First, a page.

Lab 14: Gas Properties and Laws

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For a change of pace this week we are going to do a series of activities and record our results and observations. After we are done, we are going to figure out how the gas properties and laws we learned from the lesson apply to our observations.

Experimental Title: Lab 14:  Investigation Into The Gas Laws

Date of laboratory:  Sept 2, 2014

Purpose:  The purpose of this laboratory is to examine air pressure, Boyle’s Law, Charles’s Law, and the Ideal Gas Law.

Introduction:

  1. Boyle’s Law relates pressure and volume
  2. Charles’s Law relates volume and temperature
  3. Avogadro’s Law relates volume and moles
  4. Ideal Gas Law combines these laws into the formula PV = nRT, where R is the constant 0.0821 L-atm/mol-K

Materials:

  • Empty soda can
  • Wire mesh
  • Stove
  • Oven mitts
  • Tongs
  • Ice
  • Bowl to hold ice water
  • Glass bottles or flasks
  • Wine vacuum pump with rubber stopper
  • Water balloons
  • Regular latex balloons
  • Boiled egg
  • Matches
  • Strip of paper
  • Food coloring
  • Metric ruler
  • Tap water
  • Pipette, thin stem
  • Beaker
  • Textbooks, hardcover, 6–8
  • Clamp
  • Sharpie pen
  • Measuring tape
  • Hair dryer
  • Hand boiler
  • Kitchen scale

Special safety concerns for Lab 14:

  • If anything spills, please clean it up immediately with a paper towel and let your instructor know.
  • If glass breaks, do not pick it up with your bare hands. Notify your instructor immediately.
  • Be extra careful when handling the open flame and the boiling hot water in the can on the stove.
  • Please be sure to wear goggles for the pop can (I) and egg and a bottle (III) as the containers will be under pressure.
  • Wash your hands when you are finished with this and any other lab.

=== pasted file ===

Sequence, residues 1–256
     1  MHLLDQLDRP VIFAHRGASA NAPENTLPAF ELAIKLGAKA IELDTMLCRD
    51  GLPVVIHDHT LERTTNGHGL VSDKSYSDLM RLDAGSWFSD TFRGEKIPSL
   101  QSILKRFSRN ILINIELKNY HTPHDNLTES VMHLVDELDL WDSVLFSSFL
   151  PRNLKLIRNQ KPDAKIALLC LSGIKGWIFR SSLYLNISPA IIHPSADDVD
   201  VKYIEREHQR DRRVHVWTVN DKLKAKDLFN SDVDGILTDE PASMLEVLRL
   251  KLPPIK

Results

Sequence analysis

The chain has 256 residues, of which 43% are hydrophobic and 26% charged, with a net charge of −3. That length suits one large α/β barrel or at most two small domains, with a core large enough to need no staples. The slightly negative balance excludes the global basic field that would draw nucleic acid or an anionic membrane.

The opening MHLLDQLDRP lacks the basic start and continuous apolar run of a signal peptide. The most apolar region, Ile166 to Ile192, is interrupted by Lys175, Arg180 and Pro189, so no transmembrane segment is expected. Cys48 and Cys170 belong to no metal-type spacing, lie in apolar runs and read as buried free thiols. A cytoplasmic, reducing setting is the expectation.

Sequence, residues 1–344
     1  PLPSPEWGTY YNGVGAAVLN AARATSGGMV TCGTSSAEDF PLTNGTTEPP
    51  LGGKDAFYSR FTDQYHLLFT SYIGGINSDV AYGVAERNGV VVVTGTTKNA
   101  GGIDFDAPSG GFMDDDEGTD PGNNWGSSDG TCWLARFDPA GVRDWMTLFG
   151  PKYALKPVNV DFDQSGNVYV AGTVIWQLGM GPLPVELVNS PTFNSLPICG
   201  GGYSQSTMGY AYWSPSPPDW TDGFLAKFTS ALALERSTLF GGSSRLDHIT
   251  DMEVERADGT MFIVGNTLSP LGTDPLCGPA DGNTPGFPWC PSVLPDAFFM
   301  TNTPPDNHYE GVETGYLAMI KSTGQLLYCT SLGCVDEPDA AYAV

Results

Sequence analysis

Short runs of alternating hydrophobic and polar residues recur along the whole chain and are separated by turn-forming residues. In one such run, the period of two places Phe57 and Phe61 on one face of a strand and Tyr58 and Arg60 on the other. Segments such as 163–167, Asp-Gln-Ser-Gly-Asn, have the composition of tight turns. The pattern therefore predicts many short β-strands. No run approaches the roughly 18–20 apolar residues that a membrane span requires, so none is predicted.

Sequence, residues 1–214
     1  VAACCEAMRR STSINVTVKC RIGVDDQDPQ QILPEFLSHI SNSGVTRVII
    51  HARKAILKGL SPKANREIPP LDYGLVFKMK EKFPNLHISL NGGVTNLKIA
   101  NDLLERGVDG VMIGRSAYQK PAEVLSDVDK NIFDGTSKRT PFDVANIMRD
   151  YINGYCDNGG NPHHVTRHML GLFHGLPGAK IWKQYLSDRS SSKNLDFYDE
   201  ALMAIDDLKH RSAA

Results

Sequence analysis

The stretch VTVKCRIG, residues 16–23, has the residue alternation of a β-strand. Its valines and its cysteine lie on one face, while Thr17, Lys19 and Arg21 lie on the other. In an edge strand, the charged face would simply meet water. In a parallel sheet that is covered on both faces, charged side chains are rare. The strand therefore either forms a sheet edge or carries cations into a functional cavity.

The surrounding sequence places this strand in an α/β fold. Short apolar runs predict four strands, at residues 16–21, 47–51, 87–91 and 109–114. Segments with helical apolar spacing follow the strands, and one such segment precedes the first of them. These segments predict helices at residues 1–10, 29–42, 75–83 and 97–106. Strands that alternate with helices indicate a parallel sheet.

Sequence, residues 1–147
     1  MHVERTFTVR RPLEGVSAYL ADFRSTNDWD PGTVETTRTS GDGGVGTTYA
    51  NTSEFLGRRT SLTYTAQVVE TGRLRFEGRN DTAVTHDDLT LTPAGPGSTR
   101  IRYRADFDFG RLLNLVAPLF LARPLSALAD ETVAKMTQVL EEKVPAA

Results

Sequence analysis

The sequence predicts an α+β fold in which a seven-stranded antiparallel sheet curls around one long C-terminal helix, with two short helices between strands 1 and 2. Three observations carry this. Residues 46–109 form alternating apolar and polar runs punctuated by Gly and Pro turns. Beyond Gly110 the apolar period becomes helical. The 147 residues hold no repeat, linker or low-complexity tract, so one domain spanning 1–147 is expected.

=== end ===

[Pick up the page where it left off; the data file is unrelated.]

Procedures:

I. “Pop” Can
1. Set the wire mesh on the burner of the stove and turn the temperature to “high.”
2. Add a small amount of water to an empty soda can, to a depth of about 1 cm.
3. Place the can upright on the burner and heat it until the water boils and steam flows out of the top opening.
4. Using oven mitts, remove the steaming can from the hot plate with tongs.
5. Invert the soda can into an ice-water bath.

Record your results and observations:

II. Balloons in a Bottle

1. Place one small water balloon filled with air and one small water balloon filled with water in the bottle provided.
2. Cap with the gray rubber seal provided.
3. Weigh the bottle.
Mass in grams:

4. Use the white wine vacuum to apply a vacuum to the bottle.

Weight the bottle again. Record your results and observations, especially comparing the air-filled versus the water-filled balloon:

5. Remove the gray stopper.

Record your results and observations:

III. Egg and a Bottle
1. Obtain a bottle or flask and a boiled egg (shell removed).
2. Light a strip of paper on fire with matches and quickly drop into the jar/flask.
3. Place the boiled egg on top.

Record your observations:

IV. Pressure on a Pipette (from Flinn Scientific)

Edit: I have removed the instructions, as they were from Flinn. You can find them as a free .pdf here.

Edit: Here is video of how to do this technique.

Number of Books             Length of air column in mm
0
1
2
3
4
5

Graph your results.

balloons1

Balloons by Teodoro S Gruhl

V. Balloon Expansion and Contraction

1. Blow up a standard latex balloon.
2. Mark a line around the middle (approximate equator) using a ruler and sharpie pen. Measure the circumference of the balloon with the measuring tape  at the line.
Circumference of balloon at room temperature:

3. Place the balloon in the freezer for about 10 minutes. Pull it out and immediately measure the circumference again.

Circumference of cold balloon:

4. Heat the balloon with a hair dryer. Measure the circumference again.

Circumference of heated balloon:

As Mr. Anderson pointed out in the video in lesson 14, you could take the temperature of each balloon and use the information to calculate absolute zero. Cool! (I couldn’t help that)

VI. Hand Boiler

1. Obtain the hand boiler. Warm it with your hands.

Observations:

Conclusions:

Once you have completed the experiment and cleaned up, sit down and write a sentence or two to explain the results. It is always a good idea to do this part while the experiment is fresh in your mind.

Discussion:

Record any thoughts you have about the experiments, including:

  • Possible improvements to the procedures or how to tweak techniques
  • How the results differed from your expectations
  • Whether the goals were met
  • Suggestions for other experiments

Please leave a comment or send an e-mail if you have any questions before our meeting.

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